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Contribution Details

Type Journal Article
Scope Discipline-based scholarship
Title Workflow analysis of data science code in public GitHub repositories
Organization Unit
  • Dhivyabharathi Ramasamy
  • Cristina Sarasua
  • Alberto Bacchelli
  • Abraham Bernstein
Item Subtype Original Work
Refereed Yes
Status Published in final form
  • English
Journal Title Empirical Software Engineering
Publisher Springer
Geographical Reach international
ISSN 1382-3256
Volume 28
Number 7
Page Range 7
Date 2022
Abstract Text Despite the ubiquity of data science, we are far from rigorously understanding how coding in data science is performed. Even though the scientific literature has hinted at the iterative and explorative nature of data science coding, we need further empirical evidence to understand this practice and its workflows in detail. Such understanding is critical to recognise the needs of data scientists and, for instance, inform tooling support. To obtain a deeper understanding of the iterative and explorative nature of data science coding, we analysed 470 Jupyter notebooks publicly available in GitHub repositories. We focused on the extent to which data scientists transition between different types of data science activities, or steps (such as data preprocessing and modelling), as well as the frequency and co-occurrence of such transitions. For our analysis, we developed a dataset with the help of five data science experts, who manually annotated the data science steps for each code cell within the aforementioned 470 notebooks. Using the first-order Markov chain model, we extracted the transitions and analysed the transition probabilities between the different steps. In addition to providing deeper insights into the implementation practices of data science coding, our results provide evidence that the steps in a data science workflow are indeed iterative and reveal specific patterns. We also evaluated the use of the annotated dataset to train machine-learning classifiers to predict the data science step(s) of a given code cell. We investigate the representativeness of the classification by comparing the workflow analysis applied to (a) the predicted data set and (b) the data set labelled by experts, finding an F1-score of about 71% for the 10-class data science step prediction problem.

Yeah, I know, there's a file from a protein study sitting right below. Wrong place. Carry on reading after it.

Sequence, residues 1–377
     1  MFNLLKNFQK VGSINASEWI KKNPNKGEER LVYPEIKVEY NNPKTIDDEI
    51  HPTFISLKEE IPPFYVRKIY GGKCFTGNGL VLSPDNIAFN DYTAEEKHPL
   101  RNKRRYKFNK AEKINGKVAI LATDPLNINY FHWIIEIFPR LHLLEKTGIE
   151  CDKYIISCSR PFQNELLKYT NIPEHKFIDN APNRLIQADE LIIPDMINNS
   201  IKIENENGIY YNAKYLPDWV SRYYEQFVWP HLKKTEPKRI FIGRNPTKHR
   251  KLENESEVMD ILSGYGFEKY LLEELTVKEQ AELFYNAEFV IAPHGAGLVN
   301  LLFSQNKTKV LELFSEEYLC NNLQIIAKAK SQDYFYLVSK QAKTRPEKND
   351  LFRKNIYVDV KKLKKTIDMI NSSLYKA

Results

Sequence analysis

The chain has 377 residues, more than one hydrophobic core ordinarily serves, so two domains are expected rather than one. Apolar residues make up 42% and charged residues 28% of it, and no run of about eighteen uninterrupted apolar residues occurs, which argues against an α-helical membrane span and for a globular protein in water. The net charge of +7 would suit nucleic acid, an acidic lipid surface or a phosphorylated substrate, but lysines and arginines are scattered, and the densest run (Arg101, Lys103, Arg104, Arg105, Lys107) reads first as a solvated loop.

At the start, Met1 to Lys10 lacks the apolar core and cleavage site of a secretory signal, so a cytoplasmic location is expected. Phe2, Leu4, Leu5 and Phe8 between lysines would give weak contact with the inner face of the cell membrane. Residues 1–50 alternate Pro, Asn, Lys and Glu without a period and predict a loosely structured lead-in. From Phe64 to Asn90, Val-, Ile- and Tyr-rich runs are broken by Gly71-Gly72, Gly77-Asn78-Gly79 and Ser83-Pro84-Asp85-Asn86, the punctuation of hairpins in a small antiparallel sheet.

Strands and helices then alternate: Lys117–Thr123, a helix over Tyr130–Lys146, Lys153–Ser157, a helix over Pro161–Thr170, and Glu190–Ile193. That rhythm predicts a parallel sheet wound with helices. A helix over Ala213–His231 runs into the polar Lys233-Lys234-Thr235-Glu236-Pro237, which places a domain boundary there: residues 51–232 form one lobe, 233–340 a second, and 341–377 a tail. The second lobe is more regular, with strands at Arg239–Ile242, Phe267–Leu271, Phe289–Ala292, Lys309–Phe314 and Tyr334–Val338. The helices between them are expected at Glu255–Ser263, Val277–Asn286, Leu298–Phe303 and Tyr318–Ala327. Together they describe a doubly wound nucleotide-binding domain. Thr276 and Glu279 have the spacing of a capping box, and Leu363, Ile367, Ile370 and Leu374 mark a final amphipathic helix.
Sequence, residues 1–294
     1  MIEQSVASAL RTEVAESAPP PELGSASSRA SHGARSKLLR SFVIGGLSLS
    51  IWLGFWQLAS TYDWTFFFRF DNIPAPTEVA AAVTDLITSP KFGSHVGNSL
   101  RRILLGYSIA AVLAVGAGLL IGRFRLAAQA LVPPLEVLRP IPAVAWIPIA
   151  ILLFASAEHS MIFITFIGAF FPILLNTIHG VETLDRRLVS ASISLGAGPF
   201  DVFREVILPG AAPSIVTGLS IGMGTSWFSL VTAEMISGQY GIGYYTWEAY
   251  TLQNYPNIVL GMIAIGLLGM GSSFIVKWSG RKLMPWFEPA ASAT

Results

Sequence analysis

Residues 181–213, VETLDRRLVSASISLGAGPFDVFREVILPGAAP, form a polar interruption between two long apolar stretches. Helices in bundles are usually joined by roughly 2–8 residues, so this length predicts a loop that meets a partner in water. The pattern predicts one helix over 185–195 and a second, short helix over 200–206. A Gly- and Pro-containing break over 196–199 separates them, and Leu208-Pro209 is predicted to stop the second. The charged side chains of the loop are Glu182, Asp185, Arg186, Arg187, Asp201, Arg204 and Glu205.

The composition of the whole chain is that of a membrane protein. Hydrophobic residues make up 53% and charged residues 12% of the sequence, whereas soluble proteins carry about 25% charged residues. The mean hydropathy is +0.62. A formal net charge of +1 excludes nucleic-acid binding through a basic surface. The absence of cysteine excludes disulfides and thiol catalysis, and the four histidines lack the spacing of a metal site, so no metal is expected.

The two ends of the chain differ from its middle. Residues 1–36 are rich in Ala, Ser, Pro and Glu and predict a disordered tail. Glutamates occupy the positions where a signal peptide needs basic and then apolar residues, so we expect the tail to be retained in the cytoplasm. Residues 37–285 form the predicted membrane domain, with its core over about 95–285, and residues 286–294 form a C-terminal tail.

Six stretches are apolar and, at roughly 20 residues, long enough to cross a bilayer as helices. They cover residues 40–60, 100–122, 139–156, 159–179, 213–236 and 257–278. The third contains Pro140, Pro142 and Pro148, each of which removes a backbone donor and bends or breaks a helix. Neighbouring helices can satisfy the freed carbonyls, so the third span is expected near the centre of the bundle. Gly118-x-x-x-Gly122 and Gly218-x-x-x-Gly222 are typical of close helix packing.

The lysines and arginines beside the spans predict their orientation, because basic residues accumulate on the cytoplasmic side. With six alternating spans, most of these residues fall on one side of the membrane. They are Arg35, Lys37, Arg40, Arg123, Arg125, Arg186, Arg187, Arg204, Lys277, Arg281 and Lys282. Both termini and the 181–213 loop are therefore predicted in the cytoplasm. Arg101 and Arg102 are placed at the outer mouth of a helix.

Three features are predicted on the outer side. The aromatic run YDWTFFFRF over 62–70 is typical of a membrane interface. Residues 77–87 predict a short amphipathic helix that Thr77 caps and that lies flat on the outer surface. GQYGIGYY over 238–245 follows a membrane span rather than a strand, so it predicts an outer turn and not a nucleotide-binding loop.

Free access at DOI
Official URL
Digital Object Identifier 10.1007/s10664-022-10229-z
Other Identification Number merlin-id:22968
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